sea change radio

Just Say No: Livestock, Drugs and Groundwater

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Factory farms produce a majority of our nation’s meat. Over two-thirds of the beef consumed in this country comes from farms with at least 5,000 head of cattle; more than 90 percent of the chicken we eat comes from only ten companies; and over the last 30 years the number of hog farms has dropped to a tenth of what it was, while pork sales have remained steady.

Rating Sustainably: Allen White & Mark Tulay

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Consumers are becoming more eco-conscious and little by little, investors are too. A company that shows regular profits might look like a sound investment, but if that company engages in irresponsible practices that are likely to create an environmental catastrophe, investors should know about it. Not only would investing in that company promote irresponsible behavior, it might well yield poor returns when the company finds itself facing multiparty lawsuits.

Amanda Eaken on the Rise of Collaborative Consumption

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With the climate crisis staring us right in the face, the need to transform our daily routines has become increasingly apparent. A part of the solution may be a new twist on the very old concept of sharing things, it’s called collaborative consumption. We’ve seen how peer-to-peer networks allow us to share and buy goods and services from each other, and now that same concept is being applied by communities all over the world as a more efficient way to get around.

David MacKay & Michael Kyes: Sustainable Policy Great and Small

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Is living sustainably a plausible proposition? That's the crucial question today's first guest on Sea Change Radio, David MacKay, is trying to answer.

Fighting Power Gridlock: PG&E’s Ezra Garrett

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How do we advance sustainable practices in a world driven by the profit motive? Public policy that mandates the use of renewables by private companies is one way. Not surprisingly, though, this sort of approach is often blockaded by those private interests.

Hot On The Carbon Trail: Bill Baue & James Leaton

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The Carbon Tracker Initiative and the Carbon Disclosure Project are two ongoing, vital efforts to help us better understand how much fossil fuels and greenhouse gasses companies are emitting.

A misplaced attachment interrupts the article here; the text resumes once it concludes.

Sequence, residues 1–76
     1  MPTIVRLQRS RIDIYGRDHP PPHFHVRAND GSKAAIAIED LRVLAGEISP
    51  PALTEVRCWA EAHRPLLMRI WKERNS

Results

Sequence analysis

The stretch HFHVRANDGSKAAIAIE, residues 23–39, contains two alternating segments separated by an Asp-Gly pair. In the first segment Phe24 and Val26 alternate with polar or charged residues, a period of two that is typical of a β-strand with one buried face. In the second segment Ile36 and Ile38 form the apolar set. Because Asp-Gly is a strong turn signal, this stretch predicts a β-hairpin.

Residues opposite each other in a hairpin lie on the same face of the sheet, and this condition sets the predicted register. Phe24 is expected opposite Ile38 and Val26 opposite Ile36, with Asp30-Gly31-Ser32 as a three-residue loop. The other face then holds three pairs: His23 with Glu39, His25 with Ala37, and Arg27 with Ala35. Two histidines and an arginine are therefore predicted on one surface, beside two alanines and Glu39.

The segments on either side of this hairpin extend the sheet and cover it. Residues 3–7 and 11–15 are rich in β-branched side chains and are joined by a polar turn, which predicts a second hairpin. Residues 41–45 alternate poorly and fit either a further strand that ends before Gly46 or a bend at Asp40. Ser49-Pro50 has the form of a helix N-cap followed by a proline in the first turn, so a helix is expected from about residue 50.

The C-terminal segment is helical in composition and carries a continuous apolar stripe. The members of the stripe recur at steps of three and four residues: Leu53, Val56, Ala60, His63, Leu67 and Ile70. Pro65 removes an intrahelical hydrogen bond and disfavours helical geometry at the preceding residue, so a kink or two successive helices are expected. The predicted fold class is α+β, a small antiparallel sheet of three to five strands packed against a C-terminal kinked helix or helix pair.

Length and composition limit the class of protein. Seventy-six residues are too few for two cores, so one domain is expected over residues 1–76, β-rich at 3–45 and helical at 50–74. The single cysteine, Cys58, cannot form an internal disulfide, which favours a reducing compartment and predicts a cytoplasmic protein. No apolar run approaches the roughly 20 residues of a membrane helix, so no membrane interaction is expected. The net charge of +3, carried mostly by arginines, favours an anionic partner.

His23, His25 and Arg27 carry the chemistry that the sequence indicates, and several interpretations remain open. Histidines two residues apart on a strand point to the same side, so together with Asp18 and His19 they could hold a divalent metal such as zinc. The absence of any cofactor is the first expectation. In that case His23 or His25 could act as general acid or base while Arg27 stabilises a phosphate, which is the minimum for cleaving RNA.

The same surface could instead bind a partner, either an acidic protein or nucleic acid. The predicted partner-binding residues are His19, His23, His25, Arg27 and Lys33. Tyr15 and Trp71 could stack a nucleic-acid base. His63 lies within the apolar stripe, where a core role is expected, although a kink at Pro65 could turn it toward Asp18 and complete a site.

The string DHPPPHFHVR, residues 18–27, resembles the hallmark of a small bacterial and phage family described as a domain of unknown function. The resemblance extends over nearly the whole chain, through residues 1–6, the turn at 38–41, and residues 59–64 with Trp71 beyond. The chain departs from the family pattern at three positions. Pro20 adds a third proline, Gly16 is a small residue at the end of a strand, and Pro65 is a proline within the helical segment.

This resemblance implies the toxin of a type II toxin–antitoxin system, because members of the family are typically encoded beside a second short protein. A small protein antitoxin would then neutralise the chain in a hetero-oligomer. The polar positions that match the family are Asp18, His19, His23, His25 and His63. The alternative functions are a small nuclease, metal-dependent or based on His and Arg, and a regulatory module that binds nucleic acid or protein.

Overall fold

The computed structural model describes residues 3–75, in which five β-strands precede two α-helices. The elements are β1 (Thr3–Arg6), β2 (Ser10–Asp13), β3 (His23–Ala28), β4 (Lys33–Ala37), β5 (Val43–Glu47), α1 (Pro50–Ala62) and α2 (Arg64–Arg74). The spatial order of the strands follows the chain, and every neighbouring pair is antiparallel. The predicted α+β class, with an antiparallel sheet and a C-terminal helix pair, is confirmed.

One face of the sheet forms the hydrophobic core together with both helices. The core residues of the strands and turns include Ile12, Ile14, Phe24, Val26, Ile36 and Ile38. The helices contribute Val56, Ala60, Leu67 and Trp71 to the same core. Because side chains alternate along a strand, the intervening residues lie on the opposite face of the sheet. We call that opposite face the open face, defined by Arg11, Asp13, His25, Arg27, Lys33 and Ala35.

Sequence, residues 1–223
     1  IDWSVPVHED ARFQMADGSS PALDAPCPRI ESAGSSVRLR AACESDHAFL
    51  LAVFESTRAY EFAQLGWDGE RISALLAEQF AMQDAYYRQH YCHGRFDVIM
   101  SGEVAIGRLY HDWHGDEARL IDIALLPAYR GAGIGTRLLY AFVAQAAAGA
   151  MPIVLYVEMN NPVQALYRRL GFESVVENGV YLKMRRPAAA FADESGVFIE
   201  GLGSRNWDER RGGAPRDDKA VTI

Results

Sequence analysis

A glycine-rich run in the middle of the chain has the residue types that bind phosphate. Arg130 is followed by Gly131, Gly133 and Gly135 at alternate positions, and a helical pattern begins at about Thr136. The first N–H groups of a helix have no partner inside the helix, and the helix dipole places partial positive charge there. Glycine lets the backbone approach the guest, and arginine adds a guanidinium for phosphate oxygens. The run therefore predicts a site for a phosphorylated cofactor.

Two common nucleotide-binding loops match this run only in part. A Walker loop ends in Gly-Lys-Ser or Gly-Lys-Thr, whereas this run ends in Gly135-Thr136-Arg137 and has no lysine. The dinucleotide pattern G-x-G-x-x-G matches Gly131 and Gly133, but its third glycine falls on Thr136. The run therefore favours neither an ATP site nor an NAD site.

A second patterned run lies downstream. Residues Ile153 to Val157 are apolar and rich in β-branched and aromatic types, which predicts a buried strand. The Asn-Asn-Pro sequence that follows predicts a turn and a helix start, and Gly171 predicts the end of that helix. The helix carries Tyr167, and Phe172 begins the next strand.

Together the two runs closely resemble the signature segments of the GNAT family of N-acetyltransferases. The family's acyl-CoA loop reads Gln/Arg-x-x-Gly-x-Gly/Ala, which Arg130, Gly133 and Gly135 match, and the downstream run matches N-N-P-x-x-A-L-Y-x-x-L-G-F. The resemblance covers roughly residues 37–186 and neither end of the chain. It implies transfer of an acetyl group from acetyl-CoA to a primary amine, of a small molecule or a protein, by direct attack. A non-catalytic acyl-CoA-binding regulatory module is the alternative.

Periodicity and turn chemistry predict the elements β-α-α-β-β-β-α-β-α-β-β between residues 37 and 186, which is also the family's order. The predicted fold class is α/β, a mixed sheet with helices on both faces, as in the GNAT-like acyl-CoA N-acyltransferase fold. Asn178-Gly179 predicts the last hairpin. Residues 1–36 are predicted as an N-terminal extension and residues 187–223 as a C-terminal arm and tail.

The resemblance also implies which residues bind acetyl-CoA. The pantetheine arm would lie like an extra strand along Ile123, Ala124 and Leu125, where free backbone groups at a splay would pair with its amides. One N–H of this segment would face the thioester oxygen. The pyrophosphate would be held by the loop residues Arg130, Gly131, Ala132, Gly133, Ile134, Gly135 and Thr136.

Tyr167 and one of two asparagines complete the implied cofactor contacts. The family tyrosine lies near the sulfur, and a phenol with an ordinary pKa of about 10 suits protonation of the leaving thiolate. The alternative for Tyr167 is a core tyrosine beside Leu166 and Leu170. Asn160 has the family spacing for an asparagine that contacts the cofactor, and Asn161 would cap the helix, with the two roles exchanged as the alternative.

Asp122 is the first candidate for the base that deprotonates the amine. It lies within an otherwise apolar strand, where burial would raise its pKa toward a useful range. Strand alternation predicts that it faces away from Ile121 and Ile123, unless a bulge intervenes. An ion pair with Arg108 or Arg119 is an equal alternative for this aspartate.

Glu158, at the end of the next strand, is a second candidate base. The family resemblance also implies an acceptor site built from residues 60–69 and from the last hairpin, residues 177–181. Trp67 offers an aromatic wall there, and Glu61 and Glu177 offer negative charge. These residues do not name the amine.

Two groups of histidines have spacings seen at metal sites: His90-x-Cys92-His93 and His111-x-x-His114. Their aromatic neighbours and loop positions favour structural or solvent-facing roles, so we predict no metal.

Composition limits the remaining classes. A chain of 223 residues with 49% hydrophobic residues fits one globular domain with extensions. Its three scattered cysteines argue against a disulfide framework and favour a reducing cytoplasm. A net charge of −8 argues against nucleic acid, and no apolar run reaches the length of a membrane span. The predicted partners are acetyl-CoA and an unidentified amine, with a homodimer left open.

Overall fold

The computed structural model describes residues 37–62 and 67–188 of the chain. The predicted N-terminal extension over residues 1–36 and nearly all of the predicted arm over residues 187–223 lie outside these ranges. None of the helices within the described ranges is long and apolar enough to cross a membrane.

Ceres Conference Preview: Lester Snow and Bennett Freeman

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The Ceres Conference is an annual gathering where organizations as different as the Sierra Club and Shell come together to discuss ways to accelerate the transition to a sustainable world. On the eve of the conference which takes place May 1st and 2nd in San Francisco this year, we thought it would be worthwhile to get a sneak peek at some of the Ceres speakers.

Securing The Foodshed: Philip Ackerman-Leist

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There is little disagreement that urban farming translates into increased access to local, sustainable, and healthy food, and that this is a very good thing. But how is it done? What are the success stories of urban farming? And what exactly is a “foodshed?” Our guest this week on Sea Change Radio is Philip Ackerman-Leist, an author, educator and farmer.

Down The Line: Steven Mufson on the Keystone XL Pipeline

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Are you interested in knowing the facts about the Keystone XL pipeline? Well, depending on the source, the “facts” vary wildly. Proponents tout the Alberta tar sands as the new Saudi Arabia, claim that the Keystone pipeline will bring 100,000 jobs and help get the US off of foreign oil. Critics, on the other hand, say the jobs are more like under 50, that all the oil will be exported, that tar sands crude is highly prone to spills, and that this project would endanger pristine wildlife habitats. So who is right?

Michael Skelly on Wind Energy: Blowing Over Barriers

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Promoters and detractors of wind power have one point of agreement - both see the transmission lines that carry wind energy as inefficient and very expensive to build. If wind power is going to fulfill its potential as the natural, pristine and infinitely renewable energy source that it could be, this obstacle will have to be overcome.

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